‘The Heart Of The Matter’ was released in 1989 on Henley’s album ‘The End Of The Innocence’ (which also features ‘New York Minute’, another Henley heart-stopper). The song was revisited by Eagles in 1994 on their spectacular ‘Hell Freezes Over’ live album, which is by far the superior version, stripped of any lingering ‘Boys Of Summer’ production, and infused with those soaring Eagles harmonies. Henley’s vocal is more raw too; the heartache still seems new, which is a testament to how emotive a vocalist he can be. Or maybe five years still wasn’t enough time.

Henley lived in the fast lane, sure, but he didn’t realise he was speeding in the wrong direction. By the time he bothered to look in the rear-view mirror, she was gone.

@200sadsongs | @keirenjolly | @nathanjolly

#57: Rilo Kiley – ‘Does He Love You?’ (2004)

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Being the other woman is rarely a sympathetic position to be in, so it’s a testament to Jenny Lewis’s outstanding songwriting ability that she comes across as somewhat vulnerable while doing so.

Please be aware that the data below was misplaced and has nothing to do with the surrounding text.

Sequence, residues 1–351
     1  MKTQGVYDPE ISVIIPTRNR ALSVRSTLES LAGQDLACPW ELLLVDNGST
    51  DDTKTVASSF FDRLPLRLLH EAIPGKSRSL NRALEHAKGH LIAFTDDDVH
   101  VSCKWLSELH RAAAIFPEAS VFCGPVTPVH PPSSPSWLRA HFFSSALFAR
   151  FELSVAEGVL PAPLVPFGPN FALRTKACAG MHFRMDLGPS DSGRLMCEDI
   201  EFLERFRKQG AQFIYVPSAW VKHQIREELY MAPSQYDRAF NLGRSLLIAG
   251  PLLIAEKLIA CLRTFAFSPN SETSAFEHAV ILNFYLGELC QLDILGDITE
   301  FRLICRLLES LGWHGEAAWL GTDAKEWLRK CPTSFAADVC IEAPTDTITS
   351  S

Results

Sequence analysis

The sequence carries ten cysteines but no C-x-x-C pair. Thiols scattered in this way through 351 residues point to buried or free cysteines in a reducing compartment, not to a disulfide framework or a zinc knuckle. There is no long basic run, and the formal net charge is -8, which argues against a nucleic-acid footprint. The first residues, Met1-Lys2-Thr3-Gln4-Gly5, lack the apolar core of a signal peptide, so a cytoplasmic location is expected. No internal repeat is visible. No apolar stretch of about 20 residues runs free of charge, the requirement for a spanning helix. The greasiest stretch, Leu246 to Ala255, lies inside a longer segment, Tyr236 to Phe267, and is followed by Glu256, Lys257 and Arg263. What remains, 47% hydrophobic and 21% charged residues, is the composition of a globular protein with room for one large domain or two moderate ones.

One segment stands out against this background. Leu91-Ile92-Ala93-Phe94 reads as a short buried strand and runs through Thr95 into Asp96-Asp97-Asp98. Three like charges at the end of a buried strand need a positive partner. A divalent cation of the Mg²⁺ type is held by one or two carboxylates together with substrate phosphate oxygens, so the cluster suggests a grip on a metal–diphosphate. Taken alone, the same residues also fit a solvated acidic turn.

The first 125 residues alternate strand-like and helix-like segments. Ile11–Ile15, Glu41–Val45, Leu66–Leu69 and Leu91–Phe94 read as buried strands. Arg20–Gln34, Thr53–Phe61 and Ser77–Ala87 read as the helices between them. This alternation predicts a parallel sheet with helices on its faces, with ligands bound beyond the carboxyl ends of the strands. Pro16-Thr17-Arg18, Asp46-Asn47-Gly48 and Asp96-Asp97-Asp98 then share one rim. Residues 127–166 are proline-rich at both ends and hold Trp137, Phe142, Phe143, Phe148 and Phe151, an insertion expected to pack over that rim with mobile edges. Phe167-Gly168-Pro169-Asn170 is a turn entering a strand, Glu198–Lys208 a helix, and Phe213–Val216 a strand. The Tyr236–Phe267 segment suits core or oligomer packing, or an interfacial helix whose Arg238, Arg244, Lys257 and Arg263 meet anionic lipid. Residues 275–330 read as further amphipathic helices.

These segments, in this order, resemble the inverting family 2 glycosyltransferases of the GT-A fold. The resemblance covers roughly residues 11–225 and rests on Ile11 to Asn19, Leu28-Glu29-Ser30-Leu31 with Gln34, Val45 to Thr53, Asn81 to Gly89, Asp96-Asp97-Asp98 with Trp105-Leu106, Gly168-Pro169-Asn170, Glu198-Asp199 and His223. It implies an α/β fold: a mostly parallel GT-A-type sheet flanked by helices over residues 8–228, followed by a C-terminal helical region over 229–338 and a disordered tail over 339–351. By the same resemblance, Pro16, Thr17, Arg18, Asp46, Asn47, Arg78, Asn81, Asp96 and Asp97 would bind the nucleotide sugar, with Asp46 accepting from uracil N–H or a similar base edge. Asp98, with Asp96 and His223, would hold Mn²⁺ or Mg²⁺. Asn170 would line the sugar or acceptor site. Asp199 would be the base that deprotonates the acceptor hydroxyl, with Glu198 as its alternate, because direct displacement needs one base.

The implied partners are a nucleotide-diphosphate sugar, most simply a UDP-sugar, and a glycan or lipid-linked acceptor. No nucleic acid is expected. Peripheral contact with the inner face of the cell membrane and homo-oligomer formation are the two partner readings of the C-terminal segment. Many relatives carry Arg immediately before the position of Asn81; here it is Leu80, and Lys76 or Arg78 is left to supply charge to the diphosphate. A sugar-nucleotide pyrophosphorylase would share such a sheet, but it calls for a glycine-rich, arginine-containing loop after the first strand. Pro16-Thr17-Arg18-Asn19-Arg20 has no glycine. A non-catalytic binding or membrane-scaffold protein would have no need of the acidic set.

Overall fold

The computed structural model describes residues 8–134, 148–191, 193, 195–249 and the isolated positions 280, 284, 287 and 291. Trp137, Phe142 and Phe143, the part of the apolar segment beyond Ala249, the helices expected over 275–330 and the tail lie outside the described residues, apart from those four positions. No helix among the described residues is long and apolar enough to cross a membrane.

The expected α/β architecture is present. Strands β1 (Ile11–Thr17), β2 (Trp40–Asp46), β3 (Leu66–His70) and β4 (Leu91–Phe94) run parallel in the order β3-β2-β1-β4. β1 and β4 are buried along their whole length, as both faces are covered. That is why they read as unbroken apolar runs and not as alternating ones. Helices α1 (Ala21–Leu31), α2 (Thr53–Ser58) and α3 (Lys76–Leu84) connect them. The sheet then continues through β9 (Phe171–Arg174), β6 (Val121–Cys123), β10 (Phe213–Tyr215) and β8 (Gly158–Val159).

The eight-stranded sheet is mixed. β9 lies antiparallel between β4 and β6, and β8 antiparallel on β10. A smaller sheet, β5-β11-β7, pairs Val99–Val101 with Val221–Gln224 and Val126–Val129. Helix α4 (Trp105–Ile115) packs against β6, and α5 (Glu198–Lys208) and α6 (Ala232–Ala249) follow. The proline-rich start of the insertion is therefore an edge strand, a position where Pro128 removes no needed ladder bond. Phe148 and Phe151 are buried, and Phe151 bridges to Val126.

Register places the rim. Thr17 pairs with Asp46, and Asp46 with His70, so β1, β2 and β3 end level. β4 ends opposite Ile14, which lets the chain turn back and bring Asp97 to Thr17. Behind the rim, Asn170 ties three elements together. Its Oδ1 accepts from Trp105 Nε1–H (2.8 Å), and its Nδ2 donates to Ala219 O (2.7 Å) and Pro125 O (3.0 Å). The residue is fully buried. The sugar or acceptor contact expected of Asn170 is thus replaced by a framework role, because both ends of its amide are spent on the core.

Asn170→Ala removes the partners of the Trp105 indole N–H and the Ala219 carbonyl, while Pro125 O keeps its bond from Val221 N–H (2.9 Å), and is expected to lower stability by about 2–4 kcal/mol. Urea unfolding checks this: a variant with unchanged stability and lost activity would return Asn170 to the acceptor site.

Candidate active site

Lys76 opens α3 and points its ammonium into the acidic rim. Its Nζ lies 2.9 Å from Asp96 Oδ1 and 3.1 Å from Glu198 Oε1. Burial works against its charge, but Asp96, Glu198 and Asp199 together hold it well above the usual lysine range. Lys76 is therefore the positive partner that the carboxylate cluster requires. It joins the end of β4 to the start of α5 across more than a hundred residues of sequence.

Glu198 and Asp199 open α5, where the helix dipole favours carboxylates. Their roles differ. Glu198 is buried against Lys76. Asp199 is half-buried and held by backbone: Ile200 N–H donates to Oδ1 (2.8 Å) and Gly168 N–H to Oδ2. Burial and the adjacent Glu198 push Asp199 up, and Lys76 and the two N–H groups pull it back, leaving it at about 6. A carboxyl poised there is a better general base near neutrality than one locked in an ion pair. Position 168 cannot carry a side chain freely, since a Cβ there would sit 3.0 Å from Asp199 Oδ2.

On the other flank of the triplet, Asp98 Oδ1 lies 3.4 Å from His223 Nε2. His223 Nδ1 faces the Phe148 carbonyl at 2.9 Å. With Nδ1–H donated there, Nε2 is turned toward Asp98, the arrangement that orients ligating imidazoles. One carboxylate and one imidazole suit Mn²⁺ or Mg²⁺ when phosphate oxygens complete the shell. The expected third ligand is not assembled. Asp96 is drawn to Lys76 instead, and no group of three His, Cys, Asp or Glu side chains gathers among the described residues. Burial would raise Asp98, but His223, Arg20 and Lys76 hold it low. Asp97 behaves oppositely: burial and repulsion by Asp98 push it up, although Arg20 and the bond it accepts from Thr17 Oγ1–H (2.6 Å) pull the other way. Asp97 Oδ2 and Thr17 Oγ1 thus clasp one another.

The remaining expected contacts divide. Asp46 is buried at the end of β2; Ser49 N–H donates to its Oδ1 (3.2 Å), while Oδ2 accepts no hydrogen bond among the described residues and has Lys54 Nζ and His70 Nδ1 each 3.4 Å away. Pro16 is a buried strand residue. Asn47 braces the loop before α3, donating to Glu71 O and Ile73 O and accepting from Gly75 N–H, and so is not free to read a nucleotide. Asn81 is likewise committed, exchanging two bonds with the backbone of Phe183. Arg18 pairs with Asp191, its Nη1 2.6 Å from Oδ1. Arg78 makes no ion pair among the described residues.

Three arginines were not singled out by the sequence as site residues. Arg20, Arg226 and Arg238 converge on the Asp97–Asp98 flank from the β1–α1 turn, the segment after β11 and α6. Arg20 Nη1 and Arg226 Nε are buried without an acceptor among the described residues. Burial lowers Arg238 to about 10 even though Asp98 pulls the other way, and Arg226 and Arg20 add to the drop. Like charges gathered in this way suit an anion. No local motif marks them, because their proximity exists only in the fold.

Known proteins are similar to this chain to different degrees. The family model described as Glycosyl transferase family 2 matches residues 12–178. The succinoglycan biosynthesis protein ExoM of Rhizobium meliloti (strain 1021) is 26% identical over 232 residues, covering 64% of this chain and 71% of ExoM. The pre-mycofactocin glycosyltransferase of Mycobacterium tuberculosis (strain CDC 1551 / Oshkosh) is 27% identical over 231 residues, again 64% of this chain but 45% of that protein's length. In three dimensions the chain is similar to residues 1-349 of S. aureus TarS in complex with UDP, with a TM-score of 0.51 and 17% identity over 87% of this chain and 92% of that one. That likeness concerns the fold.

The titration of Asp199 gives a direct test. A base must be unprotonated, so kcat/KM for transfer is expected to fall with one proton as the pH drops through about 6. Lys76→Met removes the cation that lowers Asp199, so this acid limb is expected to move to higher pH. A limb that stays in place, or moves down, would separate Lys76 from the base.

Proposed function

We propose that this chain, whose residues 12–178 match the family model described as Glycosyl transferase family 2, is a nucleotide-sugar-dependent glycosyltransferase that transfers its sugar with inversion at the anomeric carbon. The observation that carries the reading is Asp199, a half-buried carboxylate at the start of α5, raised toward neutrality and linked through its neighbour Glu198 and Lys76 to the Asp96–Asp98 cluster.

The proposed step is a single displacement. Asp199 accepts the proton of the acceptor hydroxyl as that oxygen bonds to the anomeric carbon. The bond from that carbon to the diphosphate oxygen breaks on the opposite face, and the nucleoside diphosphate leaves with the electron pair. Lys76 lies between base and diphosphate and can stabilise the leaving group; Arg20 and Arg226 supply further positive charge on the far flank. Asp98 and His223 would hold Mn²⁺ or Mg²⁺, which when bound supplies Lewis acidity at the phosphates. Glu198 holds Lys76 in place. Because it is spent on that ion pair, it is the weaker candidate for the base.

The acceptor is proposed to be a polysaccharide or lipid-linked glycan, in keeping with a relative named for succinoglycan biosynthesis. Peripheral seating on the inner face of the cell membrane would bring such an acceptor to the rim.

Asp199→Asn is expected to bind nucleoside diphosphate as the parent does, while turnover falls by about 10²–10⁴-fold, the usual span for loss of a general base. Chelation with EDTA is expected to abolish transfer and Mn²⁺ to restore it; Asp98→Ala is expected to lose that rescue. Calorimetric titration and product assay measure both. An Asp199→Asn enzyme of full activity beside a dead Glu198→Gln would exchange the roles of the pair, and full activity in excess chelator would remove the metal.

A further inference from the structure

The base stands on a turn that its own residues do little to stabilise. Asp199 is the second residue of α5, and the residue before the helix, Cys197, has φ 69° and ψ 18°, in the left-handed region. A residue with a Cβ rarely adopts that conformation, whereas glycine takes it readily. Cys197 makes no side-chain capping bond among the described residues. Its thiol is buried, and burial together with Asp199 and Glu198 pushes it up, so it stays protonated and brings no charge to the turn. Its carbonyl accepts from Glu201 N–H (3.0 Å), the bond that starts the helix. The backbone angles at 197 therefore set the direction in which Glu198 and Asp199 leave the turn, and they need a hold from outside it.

Self-deception is sad to watch, and regardless of her agency in this situation, it’s still the unnamed man balancing a mistress and a family that deserves the most scorn. Lewis isn’t morally pure, sure, but it’s hard not to feel sorry for her as she tells herself: “And when he leaves her, he’s coming out to California.”

He probably isn’t.

[A side note: Jenny Lewis had an incredible run in 2003/2004, providing vocals to Postal Service’s landmark ‘Give Up’ album; releasing ‘More Adventurous’, Rilo Kiley’s breakthrough record, which contains ‘Does He Love You?’ as well as ‘It’s A Hit’ and ‘Portions For Foxes’ (three of the finest songs of the last decade); and writing and recording the still-unreleased ‘Blood On The 4-Tracks’, with Conor Oberst. Impressive!]

California acts as the final frontier for this married man; the promise of something freer and closer to paradise. To quote Don Walker, who certainly wasn’t talking about California, it’s where “the grass is greener, the girls are sweeter.” The crux of this seems to hang on a line in the first verse: “All the immediate unknowns are better than knowing this tired and lonely fate.” Back in the real world, Lewis slowly realises that both women are being played against each other, and the husband is also being used: as comfort, as security, and as a life raft. Two late night phone calls towards the end of the song offer up interesting glimpses into this messy triangle: the wife calls the mistress to confess she only married him as she felt her time was running out, while in the next verse she overhears his pleas over the phone to another: “Baby I love you, and I’ll leave her, and I’m coming out to California.”